I see what you are saying -- the part of the stackTrace I didn't include above indicates that the Exception was thrown inside java.lang.ClassLoader, and that is probably where the Exception was translated into an Error.

Winston Gutkowski wrote:
BTW, if you really want a catch block that can catch anything, try
catch (Throwable t) {...
but I'd use with discretion.

Agreed -- this is how we figured it out the class path problem in the first place.


I guess the only remaining question is why the uncaught java.lang.NoClassDefFoundError doesn't stop the execution like I would have expected.

Regards,
Jason
Winston Gutkowski
Bartender

Joined: Mar 17, 2011
Posts: 8009
    
  22

Jason Gullickson wrote:I guess the only remaining question is why the uncaught java.lang.NoClassDefFoundError doesn't stop the execution like I would have expected.

Are you sure it's uncaught? There's nothing to stop code in log4j doing something like:and then carry on quite happily. Perhaps there's some sort of default class it can use.

Winston

Paul Clapham
Bartender

Joined: Oct 14, 2005
Posts: 18669
    
    8

This seems perfectly normal to me. The API docs for NoClassDefFoundError say

Thrown if the Java Virtual Machine or a ClassLoader instance tries to load in the definition of a class (as part of a normal method call or as part of creating a new instance using the new expression) and no definition of the class could be found.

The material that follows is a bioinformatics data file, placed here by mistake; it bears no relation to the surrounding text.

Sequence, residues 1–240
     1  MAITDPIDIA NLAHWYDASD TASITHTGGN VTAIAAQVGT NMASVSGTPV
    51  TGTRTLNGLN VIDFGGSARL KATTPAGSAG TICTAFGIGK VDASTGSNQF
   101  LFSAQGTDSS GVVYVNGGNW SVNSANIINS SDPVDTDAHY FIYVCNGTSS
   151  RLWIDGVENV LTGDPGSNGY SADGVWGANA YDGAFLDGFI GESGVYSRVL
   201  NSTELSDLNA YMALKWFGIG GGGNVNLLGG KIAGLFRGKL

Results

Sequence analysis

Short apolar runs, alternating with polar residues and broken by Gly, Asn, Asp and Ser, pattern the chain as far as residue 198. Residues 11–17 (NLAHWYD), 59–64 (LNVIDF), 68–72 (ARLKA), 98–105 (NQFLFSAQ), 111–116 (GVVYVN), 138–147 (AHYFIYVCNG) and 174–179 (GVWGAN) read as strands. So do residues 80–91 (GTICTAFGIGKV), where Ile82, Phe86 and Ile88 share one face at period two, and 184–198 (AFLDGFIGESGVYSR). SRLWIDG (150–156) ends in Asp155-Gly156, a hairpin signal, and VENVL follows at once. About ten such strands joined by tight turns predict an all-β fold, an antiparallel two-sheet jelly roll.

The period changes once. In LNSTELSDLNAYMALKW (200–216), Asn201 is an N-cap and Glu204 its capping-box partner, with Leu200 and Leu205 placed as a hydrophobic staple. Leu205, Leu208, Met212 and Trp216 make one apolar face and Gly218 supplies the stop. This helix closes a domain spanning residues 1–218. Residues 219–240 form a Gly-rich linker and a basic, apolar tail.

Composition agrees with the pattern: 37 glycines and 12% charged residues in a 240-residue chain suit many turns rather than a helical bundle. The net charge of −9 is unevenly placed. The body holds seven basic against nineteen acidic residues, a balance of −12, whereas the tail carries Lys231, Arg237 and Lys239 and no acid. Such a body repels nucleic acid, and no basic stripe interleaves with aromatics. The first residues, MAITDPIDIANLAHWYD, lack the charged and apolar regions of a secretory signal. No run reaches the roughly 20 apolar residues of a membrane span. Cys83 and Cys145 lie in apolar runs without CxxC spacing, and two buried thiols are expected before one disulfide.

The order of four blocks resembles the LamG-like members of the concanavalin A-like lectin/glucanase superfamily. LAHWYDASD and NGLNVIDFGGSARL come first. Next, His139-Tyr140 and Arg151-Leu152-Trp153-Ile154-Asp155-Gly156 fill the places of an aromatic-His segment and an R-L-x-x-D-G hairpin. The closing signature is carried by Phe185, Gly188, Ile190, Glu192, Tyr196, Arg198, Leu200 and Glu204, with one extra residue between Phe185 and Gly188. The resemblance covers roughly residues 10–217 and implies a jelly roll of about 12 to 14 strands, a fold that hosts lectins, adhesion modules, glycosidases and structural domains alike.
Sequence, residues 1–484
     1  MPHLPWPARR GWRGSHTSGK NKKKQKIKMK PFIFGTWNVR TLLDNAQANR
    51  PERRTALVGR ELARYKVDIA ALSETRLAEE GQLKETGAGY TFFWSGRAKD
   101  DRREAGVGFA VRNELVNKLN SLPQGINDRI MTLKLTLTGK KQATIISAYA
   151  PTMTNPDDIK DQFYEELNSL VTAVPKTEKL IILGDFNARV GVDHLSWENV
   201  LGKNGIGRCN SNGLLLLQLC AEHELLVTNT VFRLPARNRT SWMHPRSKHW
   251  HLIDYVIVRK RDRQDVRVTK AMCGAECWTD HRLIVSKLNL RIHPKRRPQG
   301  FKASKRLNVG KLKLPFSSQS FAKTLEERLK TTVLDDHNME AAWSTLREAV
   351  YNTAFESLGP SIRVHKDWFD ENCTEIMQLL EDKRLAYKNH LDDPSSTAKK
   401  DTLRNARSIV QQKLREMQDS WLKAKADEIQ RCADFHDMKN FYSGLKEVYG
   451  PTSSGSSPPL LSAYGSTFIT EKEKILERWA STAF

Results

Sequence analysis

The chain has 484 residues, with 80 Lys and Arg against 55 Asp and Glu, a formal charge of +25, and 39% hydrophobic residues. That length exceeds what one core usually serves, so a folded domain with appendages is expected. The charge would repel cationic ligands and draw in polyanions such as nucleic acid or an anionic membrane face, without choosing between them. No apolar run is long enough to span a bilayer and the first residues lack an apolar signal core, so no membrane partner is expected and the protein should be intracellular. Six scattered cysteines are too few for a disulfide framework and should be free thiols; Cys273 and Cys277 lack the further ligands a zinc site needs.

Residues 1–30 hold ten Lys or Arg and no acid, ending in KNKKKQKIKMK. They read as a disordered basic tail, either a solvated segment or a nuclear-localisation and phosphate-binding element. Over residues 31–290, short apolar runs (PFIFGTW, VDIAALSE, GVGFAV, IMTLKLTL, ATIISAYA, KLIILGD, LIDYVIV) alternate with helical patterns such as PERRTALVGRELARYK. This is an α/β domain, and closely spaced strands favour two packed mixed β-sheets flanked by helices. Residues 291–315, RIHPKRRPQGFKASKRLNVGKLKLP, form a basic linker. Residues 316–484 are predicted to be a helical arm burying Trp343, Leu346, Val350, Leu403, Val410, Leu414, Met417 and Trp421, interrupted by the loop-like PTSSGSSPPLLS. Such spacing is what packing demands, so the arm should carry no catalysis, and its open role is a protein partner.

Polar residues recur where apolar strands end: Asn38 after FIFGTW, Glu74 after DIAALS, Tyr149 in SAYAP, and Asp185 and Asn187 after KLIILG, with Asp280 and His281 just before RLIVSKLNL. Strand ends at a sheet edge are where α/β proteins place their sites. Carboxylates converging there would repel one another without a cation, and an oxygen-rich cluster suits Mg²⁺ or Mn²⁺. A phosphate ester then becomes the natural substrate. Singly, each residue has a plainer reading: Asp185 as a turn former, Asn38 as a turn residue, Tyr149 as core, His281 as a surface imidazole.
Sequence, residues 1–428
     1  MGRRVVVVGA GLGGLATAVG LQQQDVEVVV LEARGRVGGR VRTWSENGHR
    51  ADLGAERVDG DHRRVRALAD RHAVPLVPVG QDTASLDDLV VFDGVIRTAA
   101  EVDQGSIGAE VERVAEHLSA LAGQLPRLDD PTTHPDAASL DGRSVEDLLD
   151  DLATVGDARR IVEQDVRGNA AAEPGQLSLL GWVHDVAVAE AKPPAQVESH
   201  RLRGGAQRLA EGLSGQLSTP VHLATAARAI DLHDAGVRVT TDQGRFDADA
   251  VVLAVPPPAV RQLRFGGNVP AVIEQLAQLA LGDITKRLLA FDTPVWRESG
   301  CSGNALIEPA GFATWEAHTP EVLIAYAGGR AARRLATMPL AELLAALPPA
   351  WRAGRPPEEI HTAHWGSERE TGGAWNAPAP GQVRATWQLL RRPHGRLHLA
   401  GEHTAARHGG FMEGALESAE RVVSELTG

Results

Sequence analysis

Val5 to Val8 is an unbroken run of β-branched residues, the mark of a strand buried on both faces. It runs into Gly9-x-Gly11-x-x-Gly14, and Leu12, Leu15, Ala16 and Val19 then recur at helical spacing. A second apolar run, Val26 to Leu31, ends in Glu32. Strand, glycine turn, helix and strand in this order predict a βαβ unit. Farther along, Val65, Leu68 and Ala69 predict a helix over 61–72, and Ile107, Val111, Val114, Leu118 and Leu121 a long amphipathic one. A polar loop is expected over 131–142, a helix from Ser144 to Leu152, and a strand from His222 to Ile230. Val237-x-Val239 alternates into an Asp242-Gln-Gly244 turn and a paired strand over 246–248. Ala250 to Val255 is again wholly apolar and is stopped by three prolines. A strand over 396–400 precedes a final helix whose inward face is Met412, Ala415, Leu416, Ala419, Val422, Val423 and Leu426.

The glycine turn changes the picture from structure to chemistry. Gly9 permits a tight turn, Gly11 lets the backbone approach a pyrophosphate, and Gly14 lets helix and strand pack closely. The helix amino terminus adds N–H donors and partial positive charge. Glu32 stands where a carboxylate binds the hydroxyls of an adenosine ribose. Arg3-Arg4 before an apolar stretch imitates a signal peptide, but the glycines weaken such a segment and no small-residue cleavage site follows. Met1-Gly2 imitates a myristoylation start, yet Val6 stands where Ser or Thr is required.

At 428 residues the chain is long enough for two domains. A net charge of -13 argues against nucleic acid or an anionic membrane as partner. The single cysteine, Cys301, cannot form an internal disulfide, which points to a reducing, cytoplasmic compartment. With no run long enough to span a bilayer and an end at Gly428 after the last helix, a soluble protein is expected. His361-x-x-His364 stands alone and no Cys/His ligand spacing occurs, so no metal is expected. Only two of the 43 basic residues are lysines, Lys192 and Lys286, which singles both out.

The searched-for class definition existed when the currently executing class was compiled, but the definition can no longer be found.


Which means that the ait.directory.DirectoryServiceClient class was compiled successfully and the PropertyConfigurator class was identified at that time, but at runtime it can't be found.

Whereas the API docs for ClassNotFoundException say

Thrown when an application tries to load in a class through its string name using:

The forName method in class Class.
The findSystemClass method in class ClassLoader .
The loadClass method in class ClassLoader.

but no definition for the class with the specified name could be found.


Which means that the ait.directory.DirectoryServiceClient class isn't using any of those techniques to load the class.
Jason Gullickson
Greenhorn

Joined: Jul 01, 2011
Posts: 3

Winston, I think you're on the right track, though the catch/re-throw block definitely wasn't in log4j since it wasn't in the class path and that was the very reason for the problem in the first place. I think Paul nailed it, the Exception is caught by either the JVM or ClassLoader and re-thrown as an Error instead.

Paul, your second point makes sense. I'm not using any of those techniques directly, though I suspect that the JVM probably is.


Finally, I have figured out what was causing the behavior I was so puzzled about. I built a simplified test case and it worked exactly as I expected it to. So I went back to the original code and eventually realized that I had a misplaced closing bracket that included the return statement inside the finally block. I don't know exactly how the JVM dealt with that, but I can certainly imagine why it would cause mysterious problems like mine.


Thanks for the help guys!

Regards,
Jason